Don't expect anything from life, just be grateful to be alive.



  • Registered Users Posts: 5,967 ✭✭✭The Continental Op


    I'm not that sure you need much in the way of filtering. We used to get loads of crap with mains water and I just put in a fairly course string filter (looks like string would around a core). Used to clean sand out of the header tank every so often but a course filter sorted that and the occasional green water we used to get ;-(

    My BiL runs a B&B in the UK and for ages all the guest went home with stomach complaints due it turns out from their stream fed water supply (his family had built up a tolerance) anyway upshot of that story is a simple quite small UV system sorted that problem out.

    So I'd go with a course filter and a UV filter. The reason I wouldn't bother with fine filters is that they block to easily and need replacing too often. Finer filters maybe useful for water just for drinking but the UV filter alone would make the water safe to drink. You do need to do some occasional replacement of the UV lamp and obviously check its running.

    I'd also incorporate some system that was easily cleanable on the water collection side. A first flush filter is what is normally recommended but if all the water goes into a smaller settlement tank first (like a water barrel) that overflows from near the top into the main tank then most solids will remain in the settlement tank.

    Wake me up when it's all over.



  • Moderators, Sports Moderators Posts: 18,476 Mod ✭✭✭✭slave1


    Look up Life Uncontained on YouTube, they harvest from their roof and have overground tanks that pump into their container home via small pump house with all the filters etc. Such a good YT channel.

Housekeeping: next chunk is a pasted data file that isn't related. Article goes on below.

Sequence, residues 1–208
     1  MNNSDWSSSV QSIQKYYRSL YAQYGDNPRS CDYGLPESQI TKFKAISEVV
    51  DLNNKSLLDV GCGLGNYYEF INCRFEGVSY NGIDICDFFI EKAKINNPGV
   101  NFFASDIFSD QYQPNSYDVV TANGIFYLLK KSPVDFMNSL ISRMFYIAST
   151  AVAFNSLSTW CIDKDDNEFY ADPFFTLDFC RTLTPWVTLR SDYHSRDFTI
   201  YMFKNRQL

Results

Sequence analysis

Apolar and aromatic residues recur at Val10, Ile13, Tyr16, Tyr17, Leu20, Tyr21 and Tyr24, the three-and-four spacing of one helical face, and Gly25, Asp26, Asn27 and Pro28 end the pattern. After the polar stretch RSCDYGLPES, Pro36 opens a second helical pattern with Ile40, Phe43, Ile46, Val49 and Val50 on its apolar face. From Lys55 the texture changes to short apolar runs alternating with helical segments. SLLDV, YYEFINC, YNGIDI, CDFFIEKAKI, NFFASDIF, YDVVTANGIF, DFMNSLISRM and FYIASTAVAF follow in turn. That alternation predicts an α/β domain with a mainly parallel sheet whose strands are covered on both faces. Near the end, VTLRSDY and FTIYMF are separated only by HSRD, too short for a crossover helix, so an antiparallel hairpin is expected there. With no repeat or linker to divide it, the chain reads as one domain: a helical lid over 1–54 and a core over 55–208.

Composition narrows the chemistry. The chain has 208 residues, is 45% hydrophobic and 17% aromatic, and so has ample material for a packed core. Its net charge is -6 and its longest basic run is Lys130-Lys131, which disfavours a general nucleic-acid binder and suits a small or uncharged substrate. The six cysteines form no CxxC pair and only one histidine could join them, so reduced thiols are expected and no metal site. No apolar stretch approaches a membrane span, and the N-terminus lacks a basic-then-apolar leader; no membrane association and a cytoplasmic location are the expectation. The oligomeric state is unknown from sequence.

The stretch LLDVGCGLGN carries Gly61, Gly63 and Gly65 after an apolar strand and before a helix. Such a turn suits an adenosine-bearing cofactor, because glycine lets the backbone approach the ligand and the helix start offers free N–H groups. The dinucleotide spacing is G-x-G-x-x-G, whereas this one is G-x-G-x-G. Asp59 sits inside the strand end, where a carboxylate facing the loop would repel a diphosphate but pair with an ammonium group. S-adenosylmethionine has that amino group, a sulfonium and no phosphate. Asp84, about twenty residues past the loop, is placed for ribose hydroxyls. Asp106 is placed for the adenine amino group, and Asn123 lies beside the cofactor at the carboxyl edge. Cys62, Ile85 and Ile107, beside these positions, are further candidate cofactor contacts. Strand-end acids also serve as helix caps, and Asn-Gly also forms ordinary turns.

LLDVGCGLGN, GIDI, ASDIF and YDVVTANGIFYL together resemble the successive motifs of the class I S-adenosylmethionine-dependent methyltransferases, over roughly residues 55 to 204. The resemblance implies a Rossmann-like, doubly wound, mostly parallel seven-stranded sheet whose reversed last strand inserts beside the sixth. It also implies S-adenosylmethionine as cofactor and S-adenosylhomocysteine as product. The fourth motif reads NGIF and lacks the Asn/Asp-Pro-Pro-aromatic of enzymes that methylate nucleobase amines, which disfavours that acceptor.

• Registered Users Posts: 307 ✭✭redmagic68


    they’re Drogheda based and very good. If your in the north east it nearly as easy to drop off your sample kit.

    8.4 kwp east/west Louth,6kw sofar, 9.6kwh batt



  • Registered Users Posts: 6,005 ✭✭✭championc


    I would have loved to do something like have a tank in the attic feeding the toilet cisterns. However, once they dropped the charging for water, it's unfortunately somewhat pointless

    Sofar ME3000 Battery Storage Inverter for sale in Ballinteer, Sth. Dublin - see Adverts.ie - https://www.adverts.ie/other-electronics/solar-sofar-me3000-battery-storage-inverter/32914042 or PM me



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  • Registered Users Posts: 21,027 ✭✭✭✭ELM327


    Pointless in cost saving terms, yes. However I believe there's a bit of a waste in purifying well water only to flush it into the septic tank!



  • Registered Users Posts: 6,005 ✭✭✭championc


    Or in my case, into the main drain.

    If I ever do anything, I won't be doing any treating of it whatsoever

    Sofar ME3000 Battery Storage Inverter for sale in Ballinteer, Sth. Dublin - see Adverts.ie - https://www.adverts.ie/other-electronics/solar-sofar-me3000-battery-storage-inverter/32914042 or PM me



  • Registered Users Posts: 10,387 ✭✭✭✭the_amazing_raisin


    Yeah it's hard to make the same argument as the UK without water charges

    Personally I think water charges will be coming back at some point, they're just waiting for enough of a cool down.

    It'll be framed as a climate action or something, which is fair enough if there's some way to avoid what is basically just another tax